Citation
Reverse Payment Settlements In The Midst Of Actavis

Material Information

Title:
Reverse Payment Settlements In The Midst Of Actavis
Series Title:
19th Annual Undergraduate Research Symposium
Creator:
Harmer, Brooke
Language:
English
Physical Description:
Undetermined

Subjects

Subjects / Keywords:
Center for Undergraduate Research
Center for Undergraduate Research
Genre:
Conference papers and proceedings
Poster

Notes

Abstract:
There is a natural tension between the Patent Act, which confers legal monopolies on inventors, and the Sherman Act, which is intended to protect and promote competition. Following a threat of generic entry, pioneer firms often file patent infringement suits. In many instances, the suit is settled. Ordinarily, the defendant pays the victim in a suit. In many pharmaceutical cases, however, the patentee pays the prospective infringer, making the payment reversed. Antitrust challenges to reverse payment settlements have been confused due to a lack of Supreme Court guidance regarding this practice. In 2013, the Supreme Court did not fully embrace the opportunity for clarification and guidance in its FTC v. Actavis, INC. opinion. In the wake of this ambiguity, this paper serves to evaluate variations in settlement decisions and examine their economic consequences. Although policy suggestions are complicated, it was found that a close analysis of reverse payments deters firms from making suspicious payments. It is also found that the first generic that successfully defeats the patent owner should hold the 180-day exclusivity to reduce the incentive to settle. While these solutions will not fix all threats to competition in the pharmaceutical industry, it is a significant start. ( en )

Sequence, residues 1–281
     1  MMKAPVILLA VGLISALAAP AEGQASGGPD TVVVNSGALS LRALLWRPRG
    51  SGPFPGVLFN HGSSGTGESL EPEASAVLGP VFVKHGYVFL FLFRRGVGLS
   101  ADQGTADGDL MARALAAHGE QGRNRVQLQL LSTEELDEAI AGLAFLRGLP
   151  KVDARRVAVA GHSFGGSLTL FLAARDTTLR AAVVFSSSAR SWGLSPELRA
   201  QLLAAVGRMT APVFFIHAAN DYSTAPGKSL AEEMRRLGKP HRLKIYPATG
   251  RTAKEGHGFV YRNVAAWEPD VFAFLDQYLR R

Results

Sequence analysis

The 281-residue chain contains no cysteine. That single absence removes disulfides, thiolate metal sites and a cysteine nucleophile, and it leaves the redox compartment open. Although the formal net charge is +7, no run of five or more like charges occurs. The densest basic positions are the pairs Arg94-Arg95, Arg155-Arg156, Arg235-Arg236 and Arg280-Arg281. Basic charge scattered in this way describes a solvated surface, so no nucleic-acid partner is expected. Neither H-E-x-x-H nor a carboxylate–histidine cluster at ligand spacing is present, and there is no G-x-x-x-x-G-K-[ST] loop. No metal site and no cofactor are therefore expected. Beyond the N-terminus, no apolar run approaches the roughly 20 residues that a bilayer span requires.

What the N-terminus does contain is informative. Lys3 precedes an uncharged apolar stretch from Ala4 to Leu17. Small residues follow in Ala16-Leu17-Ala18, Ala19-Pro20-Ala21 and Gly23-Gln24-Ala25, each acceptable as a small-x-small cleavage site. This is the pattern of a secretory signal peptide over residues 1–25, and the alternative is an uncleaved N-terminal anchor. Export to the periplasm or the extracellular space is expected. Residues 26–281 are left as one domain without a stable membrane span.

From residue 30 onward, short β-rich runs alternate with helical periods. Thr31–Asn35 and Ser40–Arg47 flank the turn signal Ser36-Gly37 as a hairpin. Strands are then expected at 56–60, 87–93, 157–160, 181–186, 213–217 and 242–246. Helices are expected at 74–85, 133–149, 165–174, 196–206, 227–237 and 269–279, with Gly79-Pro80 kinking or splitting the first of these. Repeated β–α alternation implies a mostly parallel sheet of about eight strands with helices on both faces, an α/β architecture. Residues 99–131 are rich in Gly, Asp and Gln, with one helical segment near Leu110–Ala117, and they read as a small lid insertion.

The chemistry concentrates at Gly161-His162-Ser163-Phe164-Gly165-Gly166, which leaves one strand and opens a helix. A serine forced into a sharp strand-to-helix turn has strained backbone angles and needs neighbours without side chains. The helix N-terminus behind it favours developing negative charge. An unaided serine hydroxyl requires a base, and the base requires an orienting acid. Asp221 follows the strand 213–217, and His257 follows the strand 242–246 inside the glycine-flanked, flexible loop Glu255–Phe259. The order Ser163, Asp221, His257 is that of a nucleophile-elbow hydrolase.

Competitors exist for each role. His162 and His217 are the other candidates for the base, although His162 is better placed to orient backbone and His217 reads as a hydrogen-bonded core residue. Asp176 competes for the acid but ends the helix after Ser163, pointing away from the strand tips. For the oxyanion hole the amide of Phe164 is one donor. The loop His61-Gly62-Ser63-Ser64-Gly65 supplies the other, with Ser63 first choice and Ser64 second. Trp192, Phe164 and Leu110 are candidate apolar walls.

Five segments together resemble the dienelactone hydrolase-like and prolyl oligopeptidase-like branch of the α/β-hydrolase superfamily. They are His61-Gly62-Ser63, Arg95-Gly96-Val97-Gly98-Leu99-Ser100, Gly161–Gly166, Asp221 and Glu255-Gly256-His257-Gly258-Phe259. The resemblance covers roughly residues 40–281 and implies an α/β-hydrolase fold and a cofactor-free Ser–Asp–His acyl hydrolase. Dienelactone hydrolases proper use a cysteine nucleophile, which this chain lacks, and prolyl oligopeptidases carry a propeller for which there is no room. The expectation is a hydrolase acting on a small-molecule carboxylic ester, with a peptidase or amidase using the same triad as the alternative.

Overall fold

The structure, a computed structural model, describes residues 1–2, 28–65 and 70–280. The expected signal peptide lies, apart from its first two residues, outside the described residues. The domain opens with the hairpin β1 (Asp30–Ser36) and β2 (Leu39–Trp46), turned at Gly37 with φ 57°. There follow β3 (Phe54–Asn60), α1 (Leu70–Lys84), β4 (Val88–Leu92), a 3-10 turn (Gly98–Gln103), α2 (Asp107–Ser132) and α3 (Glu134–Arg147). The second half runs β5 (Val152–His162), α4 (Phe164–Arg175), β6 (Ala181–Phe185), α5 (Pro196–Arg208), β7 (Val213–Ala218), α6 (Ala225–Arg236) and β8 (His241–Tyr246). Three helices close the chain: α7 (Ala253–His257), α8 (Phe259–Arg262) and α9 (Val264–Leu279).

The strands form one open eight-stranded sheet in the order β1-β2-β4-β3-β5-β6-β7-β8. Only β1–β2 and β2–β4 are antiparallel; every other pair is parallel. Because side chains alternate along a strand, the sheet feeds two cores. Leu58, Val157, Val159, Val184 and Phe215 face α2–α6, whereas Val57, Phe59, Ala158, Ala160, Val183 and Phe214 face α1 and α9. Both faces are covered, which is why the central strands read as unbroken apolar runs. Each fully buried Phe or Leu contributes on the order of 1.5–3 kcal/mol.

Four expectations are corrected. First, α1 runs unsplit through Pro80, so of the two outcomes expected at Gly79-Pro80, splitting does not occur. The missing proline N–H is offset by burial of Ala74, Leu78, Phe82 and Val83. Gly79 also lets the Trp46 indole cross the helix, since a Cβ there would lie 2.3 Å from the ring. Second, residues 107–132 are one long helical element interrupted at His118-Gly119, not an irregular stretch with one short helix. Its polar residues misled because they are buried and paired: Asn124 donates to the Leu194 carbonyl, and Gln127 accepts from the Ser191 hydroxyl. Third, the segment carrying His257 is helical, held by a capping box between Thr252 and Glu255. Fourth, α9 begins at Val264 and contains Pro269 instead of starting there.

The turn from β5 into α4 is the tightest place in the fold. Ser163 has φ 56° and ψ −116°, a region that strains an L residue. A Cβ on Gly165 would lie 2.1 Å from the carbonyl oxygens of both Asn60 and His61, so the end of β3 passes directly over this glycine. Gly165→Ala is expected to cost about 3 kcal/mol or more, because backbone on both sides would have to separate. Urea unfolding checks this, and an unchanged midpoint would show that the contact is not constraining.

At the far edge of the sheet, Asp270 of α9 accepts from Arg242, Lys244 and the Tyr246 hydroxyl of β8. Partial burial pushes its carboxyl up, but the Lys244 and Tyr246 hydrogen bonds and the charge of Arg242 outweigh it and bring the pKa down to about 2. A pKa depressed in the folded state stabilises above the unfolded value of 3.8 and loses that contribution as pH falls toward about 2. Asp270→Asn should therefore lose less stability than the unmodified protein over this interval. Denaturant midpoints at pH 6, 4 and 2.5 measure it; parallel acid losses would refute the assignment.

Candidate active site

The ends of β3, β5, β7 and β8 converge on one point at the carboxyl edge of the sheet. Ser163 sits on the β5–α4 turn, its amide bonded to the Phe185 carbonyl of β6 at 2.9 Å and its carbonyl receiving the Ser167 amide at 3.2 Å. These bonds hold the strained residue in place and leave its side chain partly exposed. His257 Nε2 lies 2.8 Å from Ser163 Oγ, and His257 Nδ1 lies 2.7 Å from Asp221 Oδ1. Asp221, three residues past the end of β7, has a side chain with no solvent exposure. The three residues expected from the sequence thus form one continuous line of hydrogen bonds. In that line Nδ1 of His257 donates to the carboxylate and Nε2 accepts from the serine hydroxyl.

General Note:
Research authors: Brooke Harmer - University of Florida
General Note:
University Scholars Program
General Note: